Rifaximin has the best reputation, even among naturopaths—mainly because it’s an antibiotic that has eubiotic effects, meaning that it specifically targets the bacteria we want to get rid of in the small intestine. Studies have shown that Rifaximin has mild side effects and only eliminates a minimal amount of the beneficial colon bacteria.
However, Rifaximin and other pharmaceutical options have a significant problem: with repeat use, you become more likely to be resistant to it. So, it might be worth a try, but it’s not something you want to use for many cycles. Natural options are equally effective and have fewer long-term risks.
Now, let’s look at herbal antibiotics.
People don’t prefer herbal options simply because they’re natural—certain herbal antibiotics have been proven to be as effective as pharmaceutical ones and come with the added benefit of fewer side effects and risks. The only downside is that the treatment regimen is longer, and some people don’t tolerate all of the herbs well. The two most studied herbal antibiotics for SIBO treatment are Metagenics—Candibactin-AR + Candibactin-BR—and biotics—FC Cidal + Dysbiocide—. The typical dosing for these is two capsules, twice a day, for four to six weeks.
Those two antibiotic protocols combine several useful medicines, including oregano, ginger, and Berberine. Another route is to, with the help of your Chinese medicine practitioner, design your own treatment with a unique combination of herbs and medicines. These include:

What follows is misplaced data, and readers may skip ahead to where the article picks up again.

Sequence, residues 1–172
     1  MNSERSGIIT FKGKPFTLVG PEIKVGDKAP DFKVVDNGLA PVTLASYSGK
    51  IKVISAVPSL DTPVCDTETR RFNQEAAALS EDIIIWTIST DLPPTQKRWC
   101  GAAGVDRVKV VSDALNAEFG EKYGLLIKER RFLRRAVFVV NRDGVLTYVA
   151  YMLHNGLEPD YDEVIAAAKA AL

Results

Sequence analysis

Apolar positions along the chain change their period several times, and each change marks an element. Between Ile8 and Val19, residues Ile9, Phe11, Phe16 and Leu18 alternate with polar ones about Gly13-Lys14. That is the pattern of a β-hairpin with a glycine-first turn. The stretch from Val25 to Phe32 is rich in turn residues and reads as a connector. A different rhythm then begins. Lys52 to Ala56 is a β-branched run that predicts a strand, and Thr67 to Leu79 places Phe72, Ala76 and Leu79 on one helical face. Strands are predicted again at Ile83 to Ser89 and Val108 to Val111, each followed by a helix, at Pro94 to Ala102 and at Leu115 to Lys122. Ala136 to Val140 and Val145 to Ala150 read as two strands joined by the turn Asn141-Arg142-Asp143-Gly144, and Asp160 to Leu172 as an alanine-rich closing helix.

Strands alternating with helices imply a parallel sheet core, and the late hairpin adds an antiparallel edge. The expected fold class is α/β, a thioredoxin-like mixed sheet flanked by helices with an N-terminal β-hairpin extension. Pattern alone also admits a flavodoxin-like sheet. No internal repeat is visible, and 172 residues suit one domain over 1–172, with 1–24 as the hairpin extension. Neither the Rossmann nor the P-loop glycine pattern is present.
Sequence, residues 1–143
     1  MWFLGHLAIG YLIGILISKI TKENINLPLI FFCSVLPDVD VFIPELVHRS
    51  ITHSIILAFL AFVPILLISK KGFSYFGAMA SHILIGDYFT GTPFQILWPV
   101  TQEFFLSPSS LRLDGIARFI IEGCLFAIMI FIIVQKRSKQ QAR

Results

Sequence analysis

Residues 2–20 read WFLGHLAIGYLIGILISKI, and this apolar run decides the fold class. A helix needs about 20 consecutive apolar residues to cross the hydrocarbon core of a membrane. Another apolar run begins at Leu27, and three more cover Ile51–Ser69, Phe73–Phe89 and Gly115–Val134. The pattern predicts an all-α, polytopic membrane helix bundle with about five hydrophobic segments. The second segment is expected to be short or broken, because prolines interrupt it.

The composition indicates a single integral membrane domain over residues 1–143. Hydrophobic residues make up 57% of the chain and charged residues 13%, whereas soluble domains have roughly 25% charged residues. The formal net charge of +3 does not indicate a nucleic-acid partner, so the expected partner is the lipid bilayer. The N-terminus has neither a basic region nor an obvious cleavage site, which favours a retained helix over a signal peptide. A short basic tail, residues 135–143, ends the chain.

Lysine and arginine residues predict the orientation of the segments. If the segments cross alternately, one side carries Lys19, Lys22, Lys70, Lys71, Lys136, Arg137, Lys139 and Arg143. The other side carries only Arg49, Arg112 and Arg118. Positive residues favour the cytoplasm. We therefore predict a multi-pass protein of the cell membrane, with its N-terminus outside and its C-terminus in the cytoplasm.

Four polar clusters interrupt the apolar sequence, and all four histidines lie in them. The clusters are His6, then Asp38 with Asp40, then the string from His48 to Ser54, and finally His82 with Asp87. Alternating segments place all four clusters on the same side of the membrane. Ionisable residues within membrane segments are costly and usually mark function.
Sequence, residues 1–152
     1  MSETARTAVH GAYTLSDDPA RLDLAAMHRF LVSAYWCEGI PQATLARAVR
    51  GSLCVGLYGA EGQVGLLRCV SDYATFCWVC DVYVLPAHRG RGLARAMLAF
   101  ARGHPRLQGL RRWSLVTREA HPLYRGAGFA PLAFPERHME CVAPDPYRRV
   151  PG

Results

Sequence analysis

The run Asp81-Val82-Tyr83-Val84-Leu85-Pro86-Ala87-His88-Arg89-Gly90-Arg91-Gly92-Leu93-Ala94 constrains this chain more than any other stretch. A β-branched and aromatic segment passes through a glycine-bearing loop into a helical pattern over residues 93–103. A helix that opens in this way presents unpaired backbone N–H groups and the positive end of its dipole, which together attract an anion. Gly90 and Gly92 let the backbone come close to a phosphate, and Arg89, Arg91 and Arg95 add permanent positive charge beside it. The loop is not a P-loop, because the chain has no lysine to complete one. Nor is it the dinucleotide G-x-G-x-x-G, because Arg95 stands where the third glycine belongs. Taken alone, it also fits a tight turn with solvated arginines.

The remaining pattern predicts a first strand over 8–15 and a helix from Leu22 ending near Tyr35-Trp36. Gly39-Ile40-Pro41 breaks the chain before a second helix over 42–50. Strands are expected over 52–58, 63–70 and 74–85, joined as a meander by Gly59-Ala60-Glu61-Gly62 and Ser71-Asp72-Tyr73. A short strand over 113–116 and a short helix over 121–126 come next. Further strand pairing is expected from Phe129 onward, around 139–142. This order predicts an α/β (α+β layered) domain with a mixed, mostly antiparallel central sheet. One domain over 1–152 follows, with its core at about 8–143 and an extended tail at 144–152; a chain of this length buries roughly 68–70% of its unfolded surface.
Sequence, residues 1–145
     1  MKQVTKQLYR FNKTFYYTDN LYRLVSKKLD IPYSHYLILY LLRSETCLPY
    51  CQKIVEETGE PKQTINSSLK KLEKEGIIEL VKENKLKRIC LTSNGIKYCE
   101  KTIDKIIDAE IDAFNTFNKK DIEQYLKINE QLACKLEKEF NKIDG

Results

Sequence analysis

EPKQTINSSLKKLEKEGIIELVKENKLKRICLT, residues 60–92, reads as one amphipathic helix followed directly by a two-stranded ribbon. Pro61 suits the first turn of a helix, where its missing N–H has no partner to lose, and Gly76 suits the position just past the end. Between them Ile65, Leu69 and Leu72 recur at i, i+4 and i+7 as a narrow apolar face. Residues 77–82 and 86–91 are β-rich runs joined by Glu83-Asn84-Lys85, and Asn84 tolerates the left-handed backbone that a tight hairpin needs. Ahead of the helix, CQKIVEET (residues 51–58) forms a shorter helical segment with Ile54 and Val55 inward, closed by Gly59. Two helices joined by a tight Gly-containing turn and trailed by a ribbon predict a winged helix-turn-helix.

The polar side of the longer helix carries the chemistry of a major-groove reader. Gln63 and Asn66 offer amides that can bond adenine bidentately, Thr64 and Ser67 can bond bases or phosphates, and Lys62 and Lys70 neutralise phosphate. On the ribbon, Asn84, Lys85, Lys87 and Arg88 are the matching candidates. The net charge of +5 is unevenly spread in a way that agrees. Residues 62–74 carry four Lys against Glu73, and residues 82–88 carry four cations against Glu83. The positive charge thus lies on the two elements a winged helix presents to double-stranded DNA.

- Allicin—Although it’s derived from garlic, Allicin is a strong antimicrobial that doesn’t contain the FODMAPs that are found in other parts of the plant’s clove. Allimax is the highest-potency formula of Allicin. It’s a single-use herb that has been studied for SIBO treatment. It was shown to be effective for the methane-dominant forms of SIBO, and you can add it into other protocols or use it with Neem and Berberine.
- Berberine Complex—This complex contains herbs that are found in the Metagenics protocol listed above. It’s derived from Oregon Grape, Goldenseal, Barberry, and other herbs. Many people use this in conjunction with oregano oil and neem to treat the hydrogen-dominant forms of SIBO.
- Neem Plus—Neem is from tropical evergreen trees, and it is used to enhance the effects of Allicin and Berberine.
Oregano Oil—Oregano oil has long been known to be an antifungal, antiviral, and antimicrobial powerhouse. You can easily add a couple of drops to any drink or find it in capsule form.
Related: Shop Herbal SIBO Protocols
Natural SIBO Treatment: The Elemental Diet